Tokyo’s Air is Clearer Than Before, Weathermen Find
TOKYO (AP) _ Every three hours for the past 26 years weathermen have strolled out on the roof of their nine-story building to gaze out over Tokyo. They say the view, once blurred by pollutants, has vastly improved.
In 1960, when ″visual observatons″ by the Japan Meteorological Agency began, Japan’s postwar economic resurgence had filled the air with factory and auto emissions.
Since then, Japan has enforced some of the toughest air pollution control laws in the world, ″and the skies are much clearer,″ said Osamu Katsuyama, a weather agency official who has compiled data from the quarter-century of skygazing.
Tall buildings now block the view to the east and north, but to the south and west stretch the vast, moat-encircled grounds of the Imperial Palace, giving the weathermen a panoramic view of 50-story skyscrapers four miles to the west, the western foothills 18 away and the Tokyo Tower 2.5 miles to the south.
During winter, when the skies are at their clearest, snow-capped Mount Fuji juts up on the horizon, 60 miles to the southwest. At sunset on some crisp evenings, snow blowing off its 12,385-foot peak gives the impression that the long-dormant volcano is erupting.
In the first years of observation, these landmarks were often hidden behind chemical dust and other airborne pollutants. Katsuyama said that in 1961, observers could see 20 kilometers (12.4 miles) or more at the 9 a.m. sighting only two days the entire year.
In 1964, when visitors to the Tokyo Olympics found many residents wearing surgical-type face masks to ward off the fumes, there were still fewer than 10 clear days.
Visibility improved dramatically after 1968 when the strict air pollution control law was enacted. Through the 1970s, some of the world’s toughest restrictions were applied to auto emissions of carbon monoxide, nitrogen oxides and other gases.
In 1975, with energy conservation being spurred by the oil crisis, the weathermen could see 20 kilometers or more a record 113 days. In the 1980s, greater use of oil accompanying a return of plentiful supplies has pushed down the number of 20-kilometer days to about 80. Last year there were 87.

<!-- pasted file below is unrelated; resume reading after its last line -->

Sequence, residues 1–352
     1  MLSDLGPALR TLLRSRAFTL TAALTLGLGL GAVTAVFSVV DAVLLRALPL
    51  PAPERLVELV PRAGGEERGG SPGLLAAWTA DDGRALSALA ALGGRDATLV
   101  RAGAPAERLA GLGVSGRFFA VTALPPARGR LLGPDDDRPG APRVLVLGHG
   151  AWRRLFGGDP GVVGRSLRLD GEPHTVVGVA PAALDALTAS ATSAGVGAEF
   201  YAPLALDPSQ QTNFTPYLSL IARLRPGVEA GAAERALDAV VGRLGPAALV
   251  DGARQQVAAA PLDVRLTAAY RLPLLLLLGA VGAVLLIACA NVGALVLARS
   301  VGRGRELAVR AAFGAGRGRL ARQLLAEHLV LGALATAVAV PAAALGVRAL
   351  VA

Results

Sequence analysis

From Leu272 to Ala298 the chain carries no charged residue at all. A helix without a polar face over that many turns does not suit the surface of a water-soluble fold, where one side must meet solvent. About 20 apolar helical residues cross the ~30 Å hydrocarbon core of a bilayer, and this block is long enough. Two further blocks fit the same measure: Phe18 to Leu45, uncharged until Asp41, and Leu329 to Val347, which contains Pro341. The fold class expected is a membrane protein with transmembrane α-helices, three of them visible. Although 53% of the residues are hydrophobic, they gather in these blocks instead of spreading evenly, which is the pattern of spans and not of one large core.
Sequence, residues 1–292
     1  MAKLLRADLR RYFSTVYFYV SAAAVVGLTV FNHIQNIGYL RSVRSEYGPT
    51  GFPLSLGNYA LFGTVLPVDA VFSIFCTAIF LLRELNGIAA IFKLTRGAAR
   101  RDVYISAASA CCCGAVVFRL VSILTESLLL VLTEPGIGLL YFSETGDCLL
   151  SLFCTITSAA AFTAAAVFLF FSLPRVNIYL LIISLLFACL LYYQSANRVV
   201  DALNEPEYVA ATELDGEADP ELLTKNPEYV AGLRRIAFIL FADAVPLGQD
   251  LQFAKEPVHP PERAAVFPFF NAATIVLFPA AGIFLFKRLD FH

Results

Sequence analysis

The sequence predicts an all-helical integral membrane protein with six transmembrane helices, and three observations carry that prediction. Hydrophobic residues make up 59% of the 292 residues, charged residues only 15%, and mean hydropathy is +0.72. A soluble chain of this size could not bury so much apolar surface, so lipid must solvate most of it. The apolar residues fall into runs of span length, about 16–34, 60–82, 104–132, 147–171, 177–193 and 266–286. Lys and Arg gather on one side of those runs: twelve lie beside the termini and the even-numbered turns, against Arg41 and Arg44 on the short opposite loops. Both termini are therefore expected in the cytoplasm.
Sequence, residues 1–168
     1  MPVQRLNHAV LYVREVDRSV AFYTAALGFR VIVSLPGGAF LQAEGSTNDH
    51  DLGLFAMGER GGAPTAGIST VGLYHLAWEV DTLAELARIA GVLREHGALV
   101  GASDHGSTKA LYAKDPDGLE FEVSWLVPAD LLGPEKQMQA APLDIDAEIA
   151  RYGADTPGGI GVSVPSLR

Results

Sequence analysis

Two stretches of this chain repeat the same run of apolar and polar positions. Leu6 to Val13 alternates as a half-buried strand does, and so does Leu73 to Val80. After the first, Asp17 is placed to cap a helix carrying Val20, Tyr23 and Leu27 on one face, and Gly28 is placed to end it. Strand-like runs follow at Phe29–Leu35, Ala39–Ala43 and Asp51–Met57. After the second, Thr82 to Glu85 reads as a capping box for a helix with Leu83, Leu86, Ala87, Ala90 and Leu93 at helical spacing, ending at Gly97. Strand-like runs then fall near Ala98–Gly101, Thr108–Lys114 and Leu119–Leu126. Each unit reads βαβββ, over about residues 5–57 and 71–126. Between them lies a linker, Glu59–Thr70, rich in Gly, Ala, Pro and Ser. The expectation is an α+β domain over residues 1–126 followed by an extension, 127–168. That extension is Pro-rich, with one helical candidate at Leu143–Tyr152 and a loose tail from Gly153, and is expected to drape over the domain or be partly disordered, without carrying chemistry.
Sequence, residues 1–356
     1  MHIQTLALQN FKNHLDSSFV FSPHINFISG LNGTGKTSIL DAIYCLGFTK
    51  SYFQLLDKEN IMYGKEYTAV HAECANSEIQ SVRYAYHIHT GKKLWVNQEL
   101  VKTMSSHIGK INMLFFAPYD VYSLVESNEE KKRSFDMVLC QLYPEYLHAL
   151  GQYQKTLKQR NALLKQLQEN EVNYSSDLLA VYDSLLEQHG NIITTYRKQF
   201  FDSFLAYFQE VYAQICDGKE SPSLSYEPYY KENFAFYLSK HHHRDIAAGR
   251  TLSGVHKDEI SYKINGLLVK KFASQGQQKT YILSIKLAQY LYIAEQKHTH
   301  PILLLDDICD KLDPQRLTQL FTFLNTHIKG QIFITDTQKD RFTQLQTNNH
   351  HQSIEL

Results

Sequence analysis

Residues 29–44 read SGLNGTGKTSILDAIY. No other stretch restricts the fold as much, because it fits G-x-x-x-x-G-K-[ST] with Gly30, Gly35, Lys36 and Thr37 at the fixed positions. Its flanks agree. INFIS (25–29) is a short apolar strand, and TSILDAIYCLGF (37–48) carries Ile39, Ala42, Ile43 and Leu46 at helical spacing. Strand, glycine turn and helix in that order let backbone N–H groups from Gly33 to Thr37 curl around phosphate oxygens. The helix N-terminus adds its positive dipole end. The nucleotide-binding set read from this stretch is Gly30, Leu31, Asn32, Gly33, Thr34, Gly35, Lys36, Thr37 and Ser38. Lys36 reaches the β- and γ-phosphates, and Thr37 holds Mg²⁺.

The weathermen make no claim to scientific veracity, acknowledging that results vary, depending on the eyesight of the viewer. The survey also does not take into account pollutants, such as nitrogen oxide, that are invisible.
″It’s always a judgment call,″ said Mikio Mayuzumi, who has been checking visibility along with other weather factors at three-hour intervals for the past five years. ″But we find that with experience there’s not that much difference in our conclusions.″
The viewings continue throughout the night, he said, with identifiable building lights used to measure distances.
Scientific data tends to bear out the weathermens’ views. Average levels of sulfur dioxides in the air dropped from 0.06 parts per million in Tokyo and other cities in 1967 to 0.012 in 1984. Carbon monoxide fell from 5.0 parts per million in 1968 to 1.0 while nitrogen dioxide has remained steady at a fairly low 0.025 level.
People complaining of discomfort from photochemical smog numbered 46,081 in 1975, but only 446 in 1982.
According to the Organization for Economic Cooperation and Development, Tokyo’s concentration of sulfur dioxide in 1983 was 29.5 micrograms per square meter, compared to 33.2 in New York, 60.27 in London, 61 in Paris and 88.7 in Rome.
For ″suspended particulate matter,″ Japan stood at 47.8 micrograms, on a par with New York’s 43.4 but well under Amsterdam’s 65.1 or Lisbon’s 159.4.
The national Environment Agency in February will begin a program under which volunteer groups throughout the country will make daily sightings of nearby landmarks and submit their findings to the agency.
Akira Shimazaki, an agency official involved in the program, said 88 towns and villages have agreed to join what is being called ″blue sky watch.″
″We want to get as many people as possible involved,″ he said. ″This is a good way to make people more aware of their environment.″